Metro's Blue Line trains will not run between Stadium-Armory and Federal Triangle stations today as workers continue to repair the breached barriers that let the waters of the Washington Channel inundate the subway Thursday night.

Metro General Manager Theodore Lutz announced that decision after a staff meeting yesterday afternoon. "We're on a day-to-day basis now," Lutz said. "We'll meet again Monday to decide if we can run Tuesday."

That means that commuters will be able to take the Blue Line from National Airport only as far as Federal Triangle. Trains will not run beyond Federal Triangle through the Southwest and Capitol Hill to the Stadium-Armory station.

Special bus service will be provided to fill the gaps.

Normal subway service will continue on the Red Line between Dupong Circle and Rhode Island Avenue NE.

Metro officials had hoped they would be able to return the Blue Line to full service today. That plan was scrubbed when complications developed as workmen tried to seal the opening in the subway tunnel that let the water in.

That opening is located generally between the Hogate's and Flagship restaurants on Maine Avenue SW. It is the end of a tunnel under construction that someday will carry Metro's planned Yellow Line from the Pentagon across the Potomac River and under the Washington Channel to the existing L'Enfant Plaza Station.

Two barriers in the Washington Channel and then a bulkhead sealing the opening gave way Thursday night and water poured into the concrete tunnel, rolled down the tube and into the L'Enfant Plaza station. There it overwhelemed the drainage system and flowed into the Blue Line below.

It flowed predictably downhill to Federal Center Station, knocking out electricla connections and switches as it went. The tide was stemmed later in the evening but the damage was done.

Contractors, using sandbags in the tunnels and pouring thousands of tons of fill to shore up the barricades, have the flow contained, Lutz was told yesterday. But before they can pump out the tunnel, they must place an absolutely secure bulkhead at the opening to make certain the subway is not again threatened.

That bulkhead - a 3/4-inch thick reinforced plate - was scheduled to go in early yesterday. But a warp developed during the welding operation and the installation had to be delayed until last night, according to Roy T. Dodge, Metro's assistant general manager for construction and design.

The contractors - a joint venture of Perini, Horn, Morrison and Knudson - recommended to Metro yesterday that full Blue Line service not be restored until the bulkhead and an additional new plug in the twin tunnels are in place. That would be Wednesday at the earliest.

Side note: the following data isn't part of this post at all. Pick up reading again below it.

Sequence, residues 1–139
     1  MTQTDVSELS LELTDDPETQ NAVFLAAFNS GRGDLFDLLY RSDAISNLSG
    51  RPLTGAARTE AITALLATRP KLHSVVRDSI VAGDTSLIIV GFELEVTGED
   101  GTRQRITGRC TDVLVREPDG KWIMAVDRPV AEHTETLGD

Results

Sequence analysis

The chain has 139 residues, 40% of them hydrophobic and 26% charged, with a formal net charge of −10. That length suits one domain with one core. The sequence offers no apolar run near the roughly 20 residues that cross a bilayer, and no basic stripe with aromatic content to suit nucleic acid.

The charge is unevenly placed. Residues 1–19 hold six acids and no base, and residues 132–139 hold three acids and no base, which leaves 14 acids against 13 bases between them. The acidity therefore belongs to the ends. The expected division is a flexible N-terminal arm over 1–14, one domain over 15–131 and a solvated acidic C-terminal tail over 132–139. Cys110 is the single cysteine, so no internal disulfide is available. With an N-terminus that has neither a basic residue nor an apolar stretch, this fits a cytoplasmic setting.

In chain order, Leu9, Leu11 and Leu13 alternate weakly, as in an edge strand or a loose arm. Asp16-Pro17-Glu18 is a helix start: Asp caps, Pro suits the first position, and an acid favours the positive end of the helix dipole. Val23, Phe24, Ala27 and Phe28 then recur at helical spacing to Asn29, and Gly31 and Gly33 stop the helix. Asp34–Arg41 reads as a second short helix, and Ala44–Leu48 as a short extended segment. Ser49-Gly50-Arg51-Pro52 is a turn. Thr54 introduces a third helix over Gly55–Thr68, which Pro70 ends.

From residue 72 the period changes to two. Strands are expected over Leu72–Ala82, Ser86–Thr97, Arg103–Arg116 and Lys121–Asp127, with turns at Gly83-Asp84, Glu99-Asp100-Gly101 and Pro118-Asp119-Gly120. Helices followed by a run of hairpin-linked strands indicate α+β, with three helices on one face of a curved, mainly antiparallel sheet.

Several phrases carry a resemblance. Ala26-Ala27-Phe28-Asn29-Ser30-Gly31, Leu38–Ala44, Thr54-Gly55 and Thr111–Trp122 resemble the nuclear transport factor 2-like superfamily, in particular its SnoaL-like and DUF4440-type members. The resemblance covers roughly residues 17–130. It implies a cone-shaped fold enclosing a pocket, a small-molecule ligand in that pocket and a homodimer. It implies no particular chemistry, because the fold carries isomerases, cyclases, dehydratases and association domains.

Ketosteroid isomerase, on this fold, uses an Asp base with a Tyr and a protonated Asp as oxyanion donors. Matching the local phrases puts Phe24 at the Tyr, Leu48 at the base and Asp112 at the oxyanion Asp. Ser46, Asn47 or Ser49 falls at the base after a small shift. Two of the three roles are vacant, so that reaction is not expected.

"We will have to balance that - the umpety-umpth margin of safety - against the need for transit service to the public," Lutz said yesterday. "I want to make sure we make our own judgements on that."

In addition to the bulkhead, a large barrier - 160 feet long by about 35 feet wide - surrounds the opening to the tunnel where the water entered Thursday. The barrier is further divided into two 80-foot long compartments. That barrier, called a cofferdam, was first breached between 6 and 7 p.m. Thursday.Then the interior wall, then one of the two bulkheads leading to L'Enfant Plaza gave way. The other bulkhead remained in place, divers learned ysterday, Dodge said. The bulkhead that remained made no difference because of crossovers between the two tunnels.

The cofferdam and the interior barrier now are stabilized, Dodge said, and the rate of seepage into the tunnel is decreasing and under control. At no time was there a wall of water surging through a tunnel, but the rate of seepage increased steadily until it was controlled.

The Blue LIne segment of the L'Enfant Plaza station was virtually dry yesterday, although there was about 6 inches of sanding water behind the sandbags on the Yellow Line.

The major damage of the operating railroad was done at Federal Center SW, not at L'Enfant Plaza. Federal Center is the low point on that segment of the Blue Line. Water cascaded from the L'Enfant Plaza station down the track on which trains to National Airport normally would run. It hit the bottom of the hill just east of Federal Center Station.

The low point is an opening between the two tracks that allows for an x-shaped crossover between the National Airport and Stadium LInes. Water hit the bottom of the hill, gushed across the tracks and buried the crossover. Four switches were filled with silt.

Six pipe-like loops that transmit vital electronic signals to trains were filled with water. The train control room, the electronic heart of Metro, is at the mezzaine level at Federal Center. Had it been at track level, vital electrical panels also would have been flooded. In many stations, the train control room is at track level.

Metro maintenance crews replaced all four switch machines yesterday and cleaned and replaced the electronic loops. A diesel-powered work train and its crew members rolled from L'Enfant Plaza to Federal Center spraying down the tunnel and cleaning the electrical insulators that separate the electrified third rail from the ground.

Metro was planning to run test trains through the area last night to determine if its switches and electronic sensing equipment was working properly.

Metro officials have been concentrating on restoring train service and in providing buses to fill the gaps. Both of Friday's rush hours were disrupted as commuters sought to solve the puzzle. There is no subway service on Saturday and Sunday.

The question of why the barricades failed remains unanswered. Lutz said yesterday that Dodge has been ordered to conduct a full investigation. Dodge deferred on many questions, saying, "I want to get all of the facts before I determine who shot John."